Yovani Gallardo 1,592 53.1

Ryan Dempster 1,566 50.5

Bronson Arroyo 1,561 47.3

Jorge de la Rosa 1,479 44.8

CL Heath Bell 2,062 30.3
RP Luke Gregerson 684 9.5

Jon Rauch 667 8.9

Brandon Medders 649 10.6

Jeremy Affeldt 630 8.5

Burke Badenhop 621 17.7

P Tom Gorzelanny 406 18.5

Leading off is Jimmy Rollins, who finished behind Florida's Hanley Ramirez for the NL East honors. In addition to hitting for plenty of power and stealing bases at a clip only slightly lower than his per season average, J-Roll won his third Gold Glove in a row this year. His only competition was Atlanta's Yunel Escobar, showing that the NL East has a firm grasp on shortstop mastery, even without a season by Jose Reyes.

Nate McLouth represented two different divisions, so it's nice to see him on the Wild Card team; that way there's no controversy. He didn't equal his breakout 2008 season, but he put up very solid numbers nonetheless, after a trade to Atlanta from Pittsburgh. Behind him is Florida's Cody Ross, who was supposed to have moved to left field to make room for prospect Cameron Maybin. But the youngster couldn't escape the minors, allowing the veteran to stay put and continue hitting for marginal power without any patience.

Justin Upton, the younger and possibly more talented brother of the Rays' B.J., plays in right field and bats third. The former first-round pick turned in a 20-20 season (home runs/stolen bases) for the last place D-Backs, despite missing some time late in the season. At the tender age of 21, it appears that Upton has nowhere to go but up. He finished ahead of Colorado's doubles-machine Brad Hawpe in swp.

Boy, let's talk about NL Central first basemen this year: the Central Divisional team has two (Pujols and Fielder) and the Wild Card team has two more - Derrek Lee and Joey Votto, the latter appearing as the team's DH. One of the more consistent players of the last decade (barring an injury-shortened 2006), Lee perfected his power swing, and cracked 30 home runs for the first time since blasting 46 in 2005. He also broke 100 RBI for the second time in his career. Votto, in just his third year in the majors, batted .322 and was on base more than 41.4% of the time (although he did play just 131 games), all while slugging 25 home runs. He outslugged the master of plate discipline Todd Helton, who walked 89 times to just 73 strikeouts, but who hit just 15 dingers, even at Coors Field.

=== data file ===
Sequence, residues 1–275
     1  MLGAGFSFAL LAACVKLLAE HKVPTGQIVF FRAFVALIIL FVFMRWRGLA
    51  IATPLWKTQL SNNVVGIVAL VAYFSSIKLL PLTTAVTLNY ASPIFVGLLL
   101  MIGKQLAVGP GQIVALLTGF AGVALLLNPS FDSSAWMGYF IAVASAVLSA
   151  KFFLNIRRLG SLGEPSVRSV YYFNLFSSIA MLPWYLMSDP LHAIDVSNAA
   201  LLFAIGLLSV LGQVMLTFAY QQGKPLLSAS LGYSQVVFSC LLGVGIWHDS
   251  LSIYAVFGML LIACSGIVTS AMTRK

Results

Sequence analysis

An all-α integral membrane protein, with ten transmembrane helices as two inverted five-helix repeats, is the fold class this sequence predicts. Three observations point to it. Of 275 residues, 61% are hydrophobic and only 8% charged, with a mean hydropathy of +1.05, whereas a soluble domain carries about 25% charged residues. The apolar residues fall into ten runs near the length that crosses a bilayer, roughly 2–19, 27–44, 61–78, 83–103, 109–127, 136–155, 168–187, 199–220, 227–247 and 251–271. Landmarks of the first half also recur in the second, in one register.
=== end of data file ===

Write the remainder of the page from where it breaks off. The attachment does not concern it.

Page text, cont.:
Between the two first basemen bats left fielder Carlos Lee. (He would have done just as well batting sixth, but I couldn't resist putting the two Lees back to back in the order.) The quietly consistent C. Lee drove in over 100 runs for the fifth straight year (it would have been the seventh, but for a 99 RBI 2004 campaign), even while seemingly swinging at everything that moves towards the plate. He was followed in the rankings by Florida's Rookie of the Year Chris Coghlan, and Florida castoff Josh Willingham.

Despite his home run total being closer to zero than to his previous year's total, David Wright gets a spot on this Wild Card team. I know the outfield fences at Citi Field are further out than at Shea, but Wright's 2009 power drought was ridiculous. Not too close on his tail are Braves' stalwart Chipper Jones, who might be showing his age, as his average fell 100 points from last year to a still marginally respectable .264, and Dodgers' starter Casey Blake, who didn't show us anything spectacular.